|By Amos Maki, The Commercial Appeal,
Memphis, Tenn.McClatchy-Tribune Business News
Sep. 1, 2006 - On Aug. 1, 1975, the fate of The Peabody -- and much of Downtown -- hung in the balance.
But at the Shelby County Courthouse that day the Belz family was able to outbid Robert 'Prince Mongo' Hodges -- newly arrived from the Planet Zambodia and decked out in a loincloth, shark- tooth necklace and sandals -- for ownership of The Peabody.
"That is how we happened to acquire the property that day, and it was very fortunate not only for us but for the community," said Jack Belz, chairman and CEO of Belz Enterprises. "It was like finding a diamond in a great amount of rough."
Belz, having paid $400,000, spent the next six years and $25 million -- nearly five times as much as it cost to build the hotel originally -- polishing that diamond in the rough.
Last night, the city celebrated the 25th anniversary of the grand reopening of The Peabody.
The Jim Johnson Orchestra, which performed at the reopening in 1981, played John Philip Sousa's "King Cotton March," and AutoZone founder J.R. 'Pitt' Hyde III was inducted into the Duck Walk Hall of Fame.
The reopening of The Peabody sparked the renewed interest in Downtown that is still burning today, said Henry Turley, principal of Henry Turley Co. and a close friend of Belz.
"I would say that was the most significant single event in our rebuilding of Downtown," said Turley, whose Shrine Building opened the same month as The Peabody. "I think that was true because so many people could participate. You could have a party there, spend time there, have a drink or dinner there. And when you got there, you realized you were already invested in it, most likely through memories."
Even more important, Turley said, the reopening of The Peabody gave a psychological boost to the city -- whose image had suffered in the wake of the assassination of Dr. Martin Luther King Jr. and the subsequent urban decline of the '70s -- and connected it to its past.
"I think, in almost a subconscious way, people realized that this was important," Turley said. "People said our heritage is important, and from there people said we can't neglect this part of our lives, our city and our history."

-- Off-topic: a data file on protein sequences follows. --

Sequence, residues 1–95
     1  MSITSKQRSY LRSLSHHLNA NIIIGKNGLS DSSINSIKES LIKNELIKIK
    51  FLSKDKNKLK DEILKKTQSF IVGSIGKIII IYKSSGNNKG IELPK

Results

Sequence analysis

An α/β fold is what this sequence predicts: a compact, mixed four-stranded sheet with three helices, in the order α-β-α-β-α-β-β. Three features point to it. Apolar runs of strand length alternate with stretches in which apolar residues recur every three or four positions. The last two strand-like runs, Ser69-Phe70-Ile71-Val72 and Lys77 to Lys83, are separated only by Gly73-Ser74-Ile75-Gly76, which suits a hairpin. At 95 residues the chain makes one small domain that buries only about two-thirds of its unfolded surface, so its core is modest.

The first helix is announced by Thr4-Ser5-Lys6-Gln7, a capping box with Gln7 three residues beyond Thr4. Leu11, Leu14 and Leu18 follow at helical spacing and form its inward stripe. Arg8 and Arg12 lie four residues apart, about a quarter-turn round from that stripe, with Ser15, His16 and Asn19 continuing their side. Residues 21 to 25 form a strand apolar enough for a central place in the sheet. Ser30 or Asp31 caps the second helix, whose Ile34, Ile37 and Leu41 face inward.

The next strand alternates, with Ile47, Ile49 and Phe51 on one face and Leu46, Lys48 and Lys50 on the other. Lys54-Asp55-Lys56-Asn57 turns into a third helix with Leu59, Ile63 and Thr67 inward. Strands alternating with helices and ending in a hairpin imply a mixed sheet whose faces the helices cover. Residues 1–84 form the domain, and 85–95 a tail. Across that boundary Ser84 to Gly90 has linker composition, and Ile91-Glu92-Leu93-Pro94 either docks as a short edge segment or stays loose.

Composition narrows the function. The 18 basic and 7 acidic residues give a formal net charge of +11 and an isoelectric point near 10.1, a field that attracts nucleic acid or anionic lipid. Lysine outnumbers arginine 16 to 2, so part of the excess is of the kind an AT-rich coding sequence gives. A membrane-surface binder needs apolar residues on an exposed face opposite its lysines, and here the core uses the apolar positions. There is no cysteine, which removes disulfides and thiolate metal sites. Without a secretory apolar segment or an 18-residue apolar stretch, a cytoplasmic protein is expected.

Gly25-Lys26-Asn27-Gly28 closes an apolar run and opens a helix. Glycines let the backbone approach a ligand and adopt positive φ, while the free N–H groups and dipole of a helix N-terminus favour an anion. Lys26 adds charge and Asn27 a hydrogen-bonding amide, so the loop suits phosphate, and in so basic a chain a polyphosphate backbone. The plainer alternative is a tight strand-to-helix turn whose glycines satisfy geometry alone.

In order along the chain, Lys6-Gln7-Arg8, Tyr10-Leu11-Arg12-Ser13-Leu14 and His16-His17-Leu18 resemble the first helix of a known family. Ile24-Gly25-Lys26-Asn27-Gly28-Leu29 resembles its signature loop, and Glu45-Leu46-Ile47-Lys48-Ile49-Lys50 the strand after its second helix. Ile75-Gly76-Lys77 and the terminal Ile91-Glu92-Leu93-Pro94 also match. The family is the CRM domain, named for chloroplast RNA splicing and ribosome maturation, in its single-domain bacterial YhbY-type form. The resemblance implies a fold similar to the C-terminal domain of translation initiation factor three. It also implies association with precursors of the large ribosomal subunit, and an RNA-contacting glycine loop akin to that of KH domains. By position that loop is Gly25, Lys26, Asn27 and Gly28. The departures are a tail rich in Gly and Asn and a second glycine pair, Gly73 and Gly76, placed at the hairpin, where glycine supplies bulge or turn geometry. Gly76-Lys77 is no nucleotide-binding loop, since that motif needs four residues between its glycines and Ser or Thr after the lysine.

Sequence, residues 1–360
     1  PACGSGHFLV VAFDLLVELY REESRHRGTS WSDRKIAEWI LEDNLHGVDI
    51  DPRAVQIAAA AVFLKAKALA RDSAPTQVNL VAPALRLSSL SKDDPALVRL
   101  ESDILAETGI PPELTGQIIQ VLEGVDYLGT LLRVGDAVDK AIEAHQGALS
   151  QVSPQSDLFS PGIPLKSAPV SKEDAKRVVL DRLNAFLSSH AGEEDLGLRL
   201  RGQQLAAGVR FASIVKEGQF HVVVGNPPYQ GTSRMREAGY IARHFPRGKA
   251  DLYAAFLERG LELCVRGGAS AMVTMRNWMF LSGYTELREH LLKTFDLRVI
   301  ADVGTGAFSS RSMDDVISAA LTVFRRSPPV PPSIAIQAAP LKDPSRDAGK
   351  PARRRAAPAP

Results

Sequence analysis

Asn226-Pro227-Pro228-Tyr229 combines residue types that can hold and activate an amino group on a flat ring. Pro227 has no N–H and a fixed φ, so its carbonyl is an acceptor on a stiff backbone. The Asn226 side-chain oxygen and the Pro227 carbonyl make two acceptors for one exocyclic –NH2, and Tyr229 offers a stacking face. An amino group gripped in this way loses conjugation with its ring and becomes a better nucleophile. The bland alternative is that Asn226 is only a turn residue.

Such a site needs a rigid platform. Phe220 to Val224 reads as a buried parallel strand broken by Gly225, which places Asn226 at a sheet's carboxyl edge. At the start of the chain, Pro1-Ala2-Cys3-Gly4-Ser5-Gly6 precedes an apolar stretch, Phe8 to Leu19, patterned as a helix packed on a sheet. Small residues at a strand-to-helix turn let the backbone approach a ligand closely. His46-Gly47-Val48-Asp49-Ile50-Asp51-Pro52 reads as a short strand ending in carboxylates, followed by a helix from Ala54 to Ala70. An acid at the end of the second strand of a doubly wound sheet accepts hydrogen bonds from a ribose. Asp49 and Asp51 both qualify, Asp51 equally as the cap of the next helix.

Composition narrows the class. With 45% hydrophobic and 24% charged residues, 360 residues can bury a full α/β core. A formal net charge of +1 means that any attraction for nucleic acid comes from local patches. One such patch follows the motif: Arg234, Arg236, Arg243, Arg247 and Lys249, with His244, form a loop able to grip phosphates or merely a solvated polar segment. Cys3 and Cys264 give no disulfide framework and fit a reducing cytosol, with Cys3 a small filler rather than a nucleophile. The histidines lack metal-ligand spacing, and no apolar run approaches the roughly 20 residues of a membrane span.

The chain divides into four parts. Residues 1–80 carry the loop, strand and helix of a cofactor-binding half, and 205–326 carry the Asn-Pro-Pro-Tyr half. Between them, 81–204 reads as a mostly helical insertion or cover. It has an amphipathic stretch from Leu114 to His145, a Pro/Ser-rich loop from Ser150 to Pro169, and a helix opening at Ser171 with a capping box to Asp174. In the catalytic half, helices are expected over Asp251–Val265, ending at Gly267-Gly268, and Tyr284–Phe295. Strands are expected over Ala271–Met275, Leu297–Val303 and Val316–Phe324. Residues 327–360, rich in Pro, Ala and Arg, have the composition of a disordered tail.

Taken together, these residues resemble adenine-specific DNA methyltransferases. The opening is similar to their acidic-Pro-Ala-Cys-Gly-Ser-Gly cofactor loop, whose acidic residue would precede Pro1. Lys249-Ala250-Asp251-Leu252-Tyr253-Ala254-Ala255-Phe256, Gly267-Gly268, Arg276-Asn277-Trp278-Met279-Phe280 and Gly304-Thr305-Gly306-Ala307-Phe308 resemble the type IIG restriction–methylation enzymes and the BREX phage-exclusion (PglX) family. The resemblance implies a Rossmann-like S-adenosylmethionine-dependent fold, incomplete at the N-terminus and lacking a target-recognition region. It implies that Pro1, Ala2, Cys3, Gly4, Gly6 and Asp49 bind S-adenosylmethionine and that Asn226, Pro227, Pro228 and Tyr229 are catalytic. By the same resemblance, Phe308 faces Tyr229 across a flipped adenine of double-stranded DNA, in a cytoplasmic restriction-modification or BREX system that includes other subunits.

But the reopening of The Peabody was no sure thing. There were whispers that it couldn't be done, and that the project would sink Belz.
"We had all sorts of people in the community say we were going to get into real trouble and we should go ahead and demolish it and use it for parking for the Greyhound (terminal)," said Belz, who had his wedding reception at the hotel in 1948. "It was too magnificent to be disgraced by being torn down, and I felt we would never have a chance in Downtown Memphis if that place didn't live again."
And live it has.
The Peabody -- once described by author and historian David Cohn as the "Paris Ritz, the Cairo Shepherd's, the London Savoy" of the Delta -- has played host to all manner of guests, from presidents to prime ministers to pop stars.
Just a few years ago, former President Jimmy Carter, basketball great Michael Jordan, actor Nicolas Cage and Lisa Marie Presley were all at the hotel at the same time and watched the famous Duck Walk.
"I don't think we're star-struck, but it's always exciting because they bring their own element of intrigue," said general manager Douglas V. Browne.
The restoration and reopening of The Peabody paved the way for the creation of Peabody Place Entertainment and Retail Center, which opened to much fanfare in 2001.
In an effort to ensure The Peabody maintains its special place in the hearts and minds of Mid-Southerners, Belz instituted a multimillion-dollar makeover of the 464-room hotel that was completed in December.
And a coffee table book called "The Peabody: The History of the South's Grand Hotel," highlighting the hotel's history that began with the opening of the original Peabody at Main and Monroe in 1869, will be out early next year.
"The Peabody hotel will continue to be the grand hotel of this region," Belz said.
"The Peabody is a place where you relive old memories and make new ones, and I hope there will be Memphians who will continue to make new memories in the future.
"That would bring us the satisfaction of knowing that something we worked very hard on is treasured by the community."
THE PEABODY: Belz Enterprises celebrated the 25th anniversary of the grand reopening of The Peabody last night. The Peabody has a long and storied history in Memphis.
--1869: The original Peabody hotel opens at Main and Monroe. It closes in 1923.
--Sept. 1, 1925: A new Peabody hotel opens at its current location.
--1940: Edward Pembroke, originally hired as a bellman at the hotel, volunteers to care for the hotel's ducks and is appointed duckmaster. Pembroke, a former circus animal trainer, teaches the ducks the famous Peabody march.
--Early 1970s: The Peabody closes.
--Aug. 1, 1975: The Peabody is bought by Belz Enterprises.
--Sept. 1, 1981: The Peabody reopens.
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